The defendant, Huntington Chamber of Commerce, is a corporation whose objects and purposes are to promote and develop the business and industrial life of the City of Huntington. It was instrumental in inducing the West Virginia Glass Manufacturing Company to establish its glass plant on the lots and streets in Tudell Addition (all the lots in Blocks Nos. 9 and 18, and streets and alleys therein) which were conveyed by the special receiver to David Somers and by the latter to the glass company. This was in 1919 — prior to the time the plaintiffs acquired their lots; and the Chamber of Commerce promised the glass company that it would do what it could to assist it in having an industrial side-track or switch-track extended from the main line of the Baltimore and Ohio Railroad to the plant of the glass company. Thus adequate transportation facilities were to be offered the glass company — a side-track from the Baltimore and Ohio Railroad main tracks, on the north, as well as the then side-track extending from the main line of the Chesapeake and Ohio Railway Company, on the south, the glass plant lots being situate in the Tudell Addition between the main lines of the two railroads. In accordance with this understanding, the Chamber of Commerce acquired by purchase, lots, or portions thereof, in Blocks Nos. 1, 2, 3, and 8, in the Tudell Addition and is ready to convey them to its co-defendant, Baltimore and Ohio Railroad Company, in consideration whereof the railroad company has agreed to construct the side-track specified, over and across the same, it having obtained the consent of the City of Huntington to use such of the streets, contiguous to the lots through which the side-track will extend, in Tudell Addition, as may be necessary in the premises.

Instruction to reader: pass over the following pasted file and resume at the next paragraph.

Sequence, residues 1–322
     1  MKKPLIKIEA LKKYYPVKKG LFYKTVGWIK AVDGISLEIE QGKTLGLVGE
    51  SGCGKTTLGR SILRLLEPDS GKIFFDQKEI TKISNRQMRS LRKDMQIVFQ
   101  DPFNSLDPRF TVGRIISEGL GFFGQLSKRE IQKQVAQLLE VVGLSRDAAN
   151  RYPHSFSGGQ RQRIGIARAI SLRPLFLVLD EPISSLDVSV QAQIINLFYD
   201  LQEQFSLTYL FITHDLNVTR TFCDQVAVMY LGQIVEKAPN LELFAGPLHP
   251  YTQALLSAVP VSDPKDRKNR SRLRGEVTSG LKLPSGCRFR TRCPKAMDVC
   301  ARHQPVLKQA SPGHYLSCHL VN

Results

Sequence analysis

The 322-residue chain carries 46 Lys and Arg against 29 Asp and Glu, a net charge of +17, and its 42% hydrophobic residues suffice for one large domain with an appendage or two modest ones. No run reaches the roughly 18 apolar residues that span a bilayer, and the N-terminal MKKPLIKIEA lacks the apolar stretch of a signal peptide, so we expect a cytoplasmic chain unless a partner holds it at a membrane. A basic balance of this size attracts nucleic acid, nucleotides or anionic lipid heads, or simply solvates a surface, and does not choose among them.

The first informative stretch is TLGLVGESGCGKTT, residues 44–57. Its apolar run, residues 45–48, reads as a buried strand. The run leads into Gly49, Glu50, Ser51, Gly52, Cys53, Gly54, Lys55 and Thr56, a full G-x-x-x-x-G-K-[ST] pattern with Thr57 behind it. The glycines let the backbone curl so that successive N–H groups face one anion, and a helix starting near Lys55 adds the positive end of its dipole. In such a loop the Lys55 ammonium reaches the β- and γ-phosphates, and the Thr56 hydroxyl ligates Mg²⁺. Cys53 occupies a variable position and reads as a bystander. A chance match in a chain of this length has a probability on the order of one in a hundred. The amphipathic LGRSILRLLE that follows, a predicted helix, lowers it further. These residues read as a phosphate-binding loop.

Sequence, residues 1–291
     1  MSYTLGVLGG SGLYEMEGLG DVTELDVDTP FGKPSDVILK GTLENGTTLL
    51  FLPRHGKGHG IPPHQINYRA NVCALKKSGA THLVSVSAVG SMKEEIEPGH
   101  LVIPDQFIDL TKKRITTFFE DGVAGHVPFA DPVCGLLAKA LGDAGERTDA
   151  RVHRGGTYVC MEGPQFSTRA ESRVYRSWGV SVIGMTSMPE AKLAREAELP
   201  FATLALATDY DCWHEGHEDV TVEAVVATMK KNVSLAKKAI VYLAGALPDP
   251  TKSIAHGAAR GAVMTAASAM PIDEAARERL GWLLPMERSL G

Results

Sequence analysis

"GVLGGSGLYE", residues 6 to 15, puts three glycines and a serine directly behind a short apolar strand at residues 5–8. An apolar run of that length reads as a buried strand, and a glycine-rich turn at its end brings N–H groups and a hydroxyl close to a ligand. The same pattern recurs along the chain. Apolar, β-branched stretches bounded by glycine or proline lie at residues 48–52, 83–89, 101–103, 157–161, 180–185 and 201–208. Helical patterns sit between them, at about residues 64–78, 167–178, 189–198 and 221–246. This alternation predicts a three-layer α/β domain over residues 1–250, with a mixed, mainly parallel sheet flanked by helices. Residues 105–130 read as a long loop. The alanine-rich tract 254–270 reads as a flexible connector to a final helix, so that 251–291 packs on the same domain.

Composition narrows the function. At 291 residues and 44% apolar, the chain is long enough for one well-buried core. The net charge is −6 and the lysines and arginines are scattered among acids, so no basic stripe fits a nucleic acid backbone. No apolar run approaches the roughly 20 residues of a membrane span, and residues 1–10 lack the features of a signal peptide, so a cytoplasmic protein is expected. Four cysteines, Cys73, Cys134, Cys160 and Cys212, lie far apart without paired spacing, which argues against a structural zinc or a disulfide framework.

The bill does not allege, therefore it does not appear, whether the lots, so acquired by the Chamber of Commerce and over which the side-track is proposed to be constructed, are burdened by said restrictive covenants. The bill, however, does show that some of them came from the receiver, who sold all lots without restrictions.

After alleging that the Tudell Addition was laid out as a residential district, and that the restrictive covenants were designed and inserted in the early deeds for that purpose, plaintiffs charge that the installation and operation of the side-track will destroy the value of their property, and all other property in the Addition, for residential purposes, and that the same will be violative of said covenants which they are entitled to have enforced by injunction.

A demurrer was interposed to this bill, was sustained, and on request of counsel, both for the plaintiffs and defendants, the chancellor certified the following questions to this court:

(1) Whether or not the building restrictions contained in the deeds under which the plaintiffs claim title to the lots owned by them and described in their bill preclude the owners of other lots in the same town site held under deeds, some of which contain similar restrictions from constructing a railroad thereon and using the same for railroad purposes.

(2) Whether or not the fact that there were already trunk line railroads along the north and south sides of said town site at the time it was laid out, and which are now being operated and maintained, and the fact that considerable portions of said town site have, since the same was laid out and the plaintiffs' lots sold, been sold without such building restrictions being put in the deeds of conveyance, and large factories constructed and being operated upon such portions, which factories must necessarily have railroad shipping facilities, estop the plaintiffs from complaining of the constructing of a railroad and said factories as the bill charges the defendants are about to do.